So…There I was, July, staring in the depths of the cobwebbed corner of the old, dark, dank, garage. It had been nearly 3 years since my first attempt at adulthood bicycling, and at getting myself back in shape. The Black 2008 Trek FX 7.3 Disc sat in silence with nearly 15 whole miles on it from new. How sad I felt. I had no rationalization as to why. At the time of purchase, I was in my worst condition, and almost at my heaviest, I remember the position was somewhat aggressive for me at the time, The ride was horribly painful and uncomfortable, and I had given up so quickly. I was lazy, and sedentary.
By that point, Lynn and I had had several discussions about the need to do something new. Since our beginnings we have always fantasized about the style and grace of commuting throughout Europe, whether by Vespa scooter (another love we shared) or by bicycle. She had decided that the time was right for her to get a bicycle for herself that reflected her love of that lifestyle, and it was clear she was going to ride with or without me. Of course all I could think about was my time on that Trek…in the garage…looking like it had been in an abandoned showroom waiting for a serious rider.
I had decided to do some research on these Dutch style bikes. After all, I am the type of guy who has to have something new once in awhile. Because, that was how I would get motivated again, right? Buy a new bike! Well, I found myself learning so many things about frame geometry and practical commuting needs, and I quickly fell in love with the style and even fantasized about the day I am able to commute every day, and go to Eastern Market every week to get groceries, etc. etc.
After some hesitation in reading about the origins and gender of the geometry, I found myself interested in the Mixte frame bikes. Some will say it means mixed, as in mixed gender; a man or woman’s frame. Some swear it was designed only for a woman. Knowing a thing or two about load bearing physics and geometry, I knew it would be a very strong, stable frame for someone like me. With my love of scooters…step-through in nature, I also saw this as a reasonable alternative without going to a full loop frame (read: Girly) step-through model. I knew I wanted my bike to have at least a rear rack, chain guard, and I wanted a more upright position.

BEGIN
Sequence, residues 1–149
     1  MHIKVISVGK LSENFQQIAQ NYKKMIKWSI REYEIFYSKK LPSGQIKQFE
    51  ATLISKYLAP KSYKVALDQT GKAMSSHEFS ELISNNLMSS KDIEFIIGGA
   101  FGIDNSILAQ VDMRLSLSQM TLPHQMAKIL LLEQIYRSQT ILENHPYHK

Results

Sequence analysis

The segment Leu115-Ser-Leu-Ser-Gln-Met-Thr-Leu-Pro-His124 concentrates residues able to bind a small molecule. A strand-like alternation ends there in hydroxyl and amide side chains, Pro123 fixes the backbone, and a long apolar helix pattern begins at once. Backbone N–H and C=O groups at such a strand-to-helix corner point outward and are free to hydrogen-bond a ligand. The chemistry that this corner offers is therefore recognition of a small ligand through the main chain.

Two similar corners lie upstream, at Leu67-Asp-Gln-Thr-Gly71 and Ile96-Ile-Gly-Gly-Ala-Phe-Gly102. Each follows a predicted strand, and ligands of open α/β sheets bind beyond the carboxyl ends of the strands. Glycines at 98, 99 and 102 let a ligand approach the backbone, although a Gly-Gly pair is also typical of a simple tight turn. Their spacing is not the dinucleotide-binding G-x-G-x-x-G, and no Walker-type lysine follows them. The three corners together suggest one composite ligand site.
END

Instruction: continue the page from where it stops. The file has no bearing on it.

Lynn and I both scoured the internet. We had a budget. We had our wants. We looked at what was available locally, which was only Electra, and Trek. None of the local stockists carried the models we wanted to see, favoring only Road, Race and Mountain Bike models. Online we came across Linus and Republic bikes. We knew we wanted to try to keep our preference to the same company, and one which we could order online from. One day, by sheer mistake I found PUBLIC Bicycles. I fell in love with their aesthetic. They had models that met both of our needs. They had the requisite (Lynn) pretty colors. They also had a branding and marketing feel which appealed to me, not unlike Vespa or even Apple, touting the lifestyle that went along with ownership. I fell in love with their Mixte frame.
From the publicbikes.com website:
I called PUBLIC. I was still little leery about ordering a bike online, one I couldn’t see or sit on, let alone test ride. From the onset of the conversation, I was greeted by a friendly, cheery voice. I had their full attention, and though I felt silly asking such NOOB questions, I was left with all of them answered and a feeling that I was making a good decision. We decided that I would order mine first , and Lynn would see the frame and see if she liked the geometry or opt for a Loop frame model. Knowing that this is what Lynn had wanted to do, and this was the place to do it, I made my decision.
I chose Public’s M3 in cream. Cream Rear Rack, Cream Bell, Cream Tires. Cream because it felt right and a little classier. Orange was a bit too loud for me, and baby blue just doesn’t do much for me. With the budget we had (and the awesome sales Public periodically runs), coupled with our relatively flat local roads, the 3-speed internal hub gearing became a good choice. Public offers a “Ready-To-Ride” option, where they ship the bike to you almost completely assembled for a larger shipping fee, OR you can have the bike shipped to a local bike shop. To me, the latter is just mean to the local shop who didn’t get the sale, but I may be misunderstanding how that works. Regardless, I am pretty handy, and opted for the Ready-To-Ride option for $125. Within hours after placing my online order, I received a phone call from Public, welcoming me to the family, and confirming all the details of my order. A little over a week later FedEx had dropped off a big bike box on my doorstep.
Stay tuned for a much less wordy, I promise, review of the Public M3, from unboxing and assembling to my first impressions.
Ohh Wait…The Trek….We’ll get back to that later.